Cyrilla has run a large junior age choir who won the Bromley Music Festival in 2000 with a high distinction mark of 96. The most experienced members of the choir performed both at the Royal Festival Hall in the Music for Youth Choral Day and at the Royal Albert Hall as part of a 500-strong Bromley choir at the 2002 Schools’ Prom. They performed many times at the Fairfield Halls in Croydon, supporting the Band of the White Russian Army and the Croydon Philharmonic Choir.
Cyrilla is available to run training courses for schools, LEAs and other organisations.
Cyrilla writes: Having been spectacularly mediocre at learning to play the piano as a child, I grew up with the unshakeable belief that I was ‘not musical’.Music was an almost alien foreign language to me – I didn’t play well, I couldn’t sight-sing, I couldn’t hear intervals, I didn’t know how to even start dictation, chords and harmony were mathematical puzzles and my understanding of rhythm was almost non-existent. I trained as a primary teacher and we did hardly any music on my course.I do remember one day a tutor saying, ‘Orff is rhythm and Kodály is pitch’, but he never elaborated!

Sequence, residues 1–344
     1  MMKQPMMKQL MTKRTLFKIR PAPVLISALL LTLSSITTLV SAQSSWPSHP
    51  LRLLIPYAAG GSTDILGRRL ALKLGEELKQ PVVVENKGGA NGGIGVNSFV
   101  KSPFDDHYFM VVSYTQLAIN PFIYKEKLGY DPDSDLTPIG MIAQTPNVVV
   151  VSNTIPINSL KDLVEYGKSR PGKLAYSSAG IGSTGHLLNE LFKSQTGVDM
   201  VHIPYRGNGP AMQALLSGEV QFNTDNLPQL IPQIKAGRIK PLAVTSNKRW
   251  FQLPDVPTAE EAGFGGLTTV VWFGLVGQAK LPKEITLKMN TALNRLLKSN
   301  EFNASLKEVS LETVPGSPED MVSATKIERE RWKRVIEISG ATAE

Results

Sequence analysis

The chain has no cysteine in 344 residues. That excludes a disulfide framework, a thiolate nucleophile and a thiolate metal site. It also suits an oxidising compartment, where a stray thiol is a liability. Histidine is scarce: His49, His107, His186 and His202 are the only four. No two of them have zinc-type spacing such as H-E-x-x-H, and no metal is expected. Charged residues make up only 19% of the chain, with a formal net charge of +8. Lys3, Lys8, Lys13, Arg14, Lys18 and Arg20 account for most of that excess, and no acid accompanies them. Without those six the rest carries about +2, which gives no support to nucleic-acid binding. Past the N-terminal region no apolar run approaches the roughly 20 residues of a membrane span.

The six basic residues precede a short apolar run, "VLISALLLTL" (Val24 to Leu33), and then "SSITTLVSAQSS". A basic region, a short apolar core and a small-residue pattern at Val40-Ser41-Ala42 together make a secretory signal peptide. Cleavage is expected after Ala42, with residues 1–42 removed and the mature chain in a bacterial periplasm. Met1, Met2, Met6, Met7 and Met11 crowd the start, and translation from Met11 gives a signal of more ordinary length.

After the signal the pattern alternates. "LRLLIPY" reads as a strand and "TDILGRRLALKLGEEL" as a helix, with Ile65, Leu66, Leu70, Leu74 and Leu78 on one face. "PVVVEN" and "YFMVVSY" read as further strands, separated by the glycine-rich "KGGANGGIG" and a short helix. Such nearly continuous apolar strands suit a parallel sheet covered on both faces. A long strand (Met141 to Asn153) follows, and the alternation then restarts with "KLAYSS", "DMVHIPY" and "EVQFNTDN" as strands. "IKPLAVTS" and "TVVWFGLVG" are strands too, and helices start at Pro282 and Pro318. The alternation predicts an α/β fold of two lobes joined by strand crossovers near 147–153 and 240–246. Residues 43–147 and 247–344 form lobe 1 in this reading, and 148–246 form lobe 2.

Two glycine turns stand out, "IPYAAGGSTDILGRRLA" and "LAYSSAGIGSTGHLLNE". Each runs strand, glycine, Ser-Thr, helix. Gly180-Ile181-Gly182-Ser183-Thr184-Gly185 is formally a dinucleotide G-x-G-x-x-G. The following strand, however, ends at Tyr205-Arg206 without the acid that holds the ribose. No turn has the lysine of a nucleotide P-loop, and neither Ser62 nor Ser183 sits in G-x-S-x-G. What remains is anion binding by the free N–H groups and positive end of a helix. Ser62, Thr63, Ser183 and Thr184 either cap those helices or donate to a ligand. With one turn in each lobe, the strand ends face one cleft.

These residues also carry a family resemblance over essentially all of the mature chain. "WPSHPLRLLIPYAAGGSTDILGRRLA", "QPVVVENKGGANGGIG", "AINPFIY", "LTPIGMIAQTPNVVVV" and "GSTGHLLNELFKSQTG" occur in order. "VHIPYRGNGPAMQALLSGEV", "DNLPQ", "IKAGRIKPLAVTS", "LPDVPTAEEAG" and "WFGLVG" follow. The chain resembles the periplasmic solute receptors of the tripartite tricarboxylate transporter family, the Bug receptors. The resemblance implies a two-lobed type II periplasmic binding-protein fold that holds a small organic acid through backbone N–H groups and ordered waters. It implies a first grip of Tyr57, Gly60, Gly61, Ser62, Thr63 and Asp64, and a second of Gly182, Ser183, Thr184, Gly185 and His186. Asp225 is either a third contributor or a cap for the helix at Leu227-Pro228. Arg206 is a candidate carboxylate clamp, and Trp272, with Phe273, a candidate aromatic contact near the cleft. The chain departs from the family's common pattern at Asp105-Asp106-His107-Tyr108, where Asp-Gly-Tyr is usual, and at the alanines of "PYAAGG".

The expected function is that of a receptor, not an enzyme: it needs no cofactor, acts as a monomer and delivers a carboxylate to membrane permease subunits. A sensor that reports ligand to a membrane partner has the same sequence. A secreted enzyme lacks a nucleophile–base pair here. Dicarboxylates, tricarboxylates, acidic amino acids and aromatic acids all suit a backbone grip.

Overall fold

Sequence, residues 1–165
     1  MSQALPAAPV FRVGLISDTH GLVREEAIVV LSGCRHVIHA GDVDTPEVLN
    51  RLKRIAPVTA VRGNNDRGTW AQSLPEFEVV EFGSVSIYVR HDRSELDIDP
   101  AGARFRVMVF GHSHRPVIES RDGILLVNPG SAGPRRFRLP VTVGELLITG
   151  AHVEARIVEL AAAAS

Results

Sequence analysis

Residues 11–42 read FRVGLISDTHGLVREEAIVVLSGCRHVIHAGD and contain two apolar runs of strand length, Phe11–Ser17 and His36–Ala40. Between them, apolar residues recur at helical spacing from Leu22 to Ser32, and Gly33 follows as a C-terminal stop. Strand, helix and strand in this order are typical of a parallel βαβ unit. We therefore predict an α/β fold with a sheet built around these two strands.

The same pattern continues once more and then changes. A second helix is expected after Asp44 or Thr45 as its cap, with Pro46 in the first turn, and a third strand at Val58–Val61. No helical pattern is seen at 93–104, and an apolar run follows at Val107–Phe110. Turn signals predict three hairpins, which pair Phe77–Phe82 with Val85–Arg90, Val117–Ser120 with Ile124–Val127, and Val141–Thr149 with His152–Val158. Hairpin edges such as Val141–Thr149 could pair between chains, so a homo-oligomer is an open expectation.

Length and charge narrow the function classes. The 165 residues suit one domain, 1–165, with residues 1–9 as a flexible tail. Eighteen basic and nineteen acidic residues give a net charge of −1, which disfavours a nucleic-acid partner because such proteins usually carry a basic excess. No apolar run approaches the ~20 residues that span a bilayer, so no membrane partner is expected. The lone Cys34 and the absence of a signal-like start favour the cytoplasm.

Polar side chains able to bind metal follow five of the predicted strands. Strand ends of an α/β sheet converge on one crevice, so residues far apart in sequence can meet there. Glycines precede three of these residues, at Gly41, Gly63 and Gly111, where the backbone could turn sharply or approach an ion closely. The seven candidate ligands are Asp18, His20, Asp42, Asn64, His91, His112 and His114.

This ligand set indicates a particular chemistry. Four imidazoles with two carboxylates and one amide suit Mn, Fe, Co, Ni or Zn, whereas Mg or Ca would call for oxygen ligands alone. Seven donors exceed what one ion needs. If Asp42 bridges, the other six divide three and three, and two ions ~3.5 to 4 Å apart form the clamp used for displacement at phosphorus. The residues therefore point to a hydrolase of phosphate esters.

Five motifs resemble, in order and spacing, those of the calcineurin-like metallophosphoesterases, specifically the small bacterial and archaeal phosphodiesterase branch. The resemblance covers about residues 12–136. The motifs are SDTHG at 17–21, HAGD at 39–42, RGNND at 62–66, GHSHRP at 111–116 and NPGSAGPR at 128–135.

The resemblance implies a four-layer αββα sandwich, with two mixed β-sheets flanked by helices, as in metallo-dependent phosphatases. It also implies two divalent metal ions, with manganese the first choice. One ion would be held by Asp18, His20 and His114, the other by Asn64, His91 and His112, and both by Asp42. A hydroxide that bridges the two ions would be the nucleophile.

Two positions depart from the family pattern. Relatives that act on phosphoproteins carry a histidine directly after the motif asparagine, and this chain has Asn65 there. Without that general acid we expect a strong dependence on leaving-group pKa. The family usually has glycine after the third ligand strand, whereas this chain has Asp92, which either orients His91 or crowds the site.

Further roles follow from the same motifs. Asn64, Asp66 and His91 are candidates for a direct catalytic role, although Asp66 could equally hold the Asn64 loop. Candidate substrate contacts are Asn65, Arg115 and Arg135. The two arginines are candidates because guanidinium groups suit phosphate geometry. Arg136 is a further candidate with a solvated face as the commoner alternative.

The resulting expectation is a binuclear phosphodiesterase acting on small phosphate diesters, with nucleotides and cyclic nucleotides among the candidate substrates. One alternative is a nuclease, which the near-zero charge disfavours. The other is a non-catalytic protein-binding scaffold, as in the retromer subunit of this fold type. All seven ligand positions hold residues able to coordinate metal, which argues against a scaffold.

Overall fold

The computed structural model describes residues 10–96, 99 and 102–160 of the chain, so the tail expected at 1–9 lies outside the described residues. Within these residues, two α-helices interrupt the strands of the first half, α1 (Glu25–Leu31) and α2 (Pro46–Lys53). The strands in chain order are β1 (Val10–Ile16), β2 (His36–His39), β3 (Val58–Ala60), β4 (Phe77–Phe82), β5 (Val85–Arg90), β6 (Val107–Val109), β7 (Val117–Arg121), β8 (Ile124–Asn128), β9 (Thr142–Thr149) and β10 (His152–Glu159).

I had been teaching for two years when I was asked to be music co-ordinator – I said yes because I would earn more money! I was then faced with classes of children to whom I had to teach music and not the faintest clue how to start. I remember thinking,’There must be something more you can DO with a song besides just sing it…’. Eventually my head teacher took pity on this poor struggling wretch and pointed me in the direction of a Kodály course. I did a six week course (Monday afternoons) with Cecilia Vajda (also on this same course was Mary Place!) and my world started to change.
My whole Kodály journey has been a slow and steady one, but one in which so many light bulbs went off. If I had been told, at the age of 23 that I would end up teaching only music, I would have laughed because music had no real place in my life and it was something at which I was only, at best, mediocre. Ah – the power of Kodály! This is why I am hooked – for life! Kodály has been a true Road to Damascus experience for me – it unlocked all this music inside me that I didn’t know was there.And if it can do it for me – then it can do it for anyone.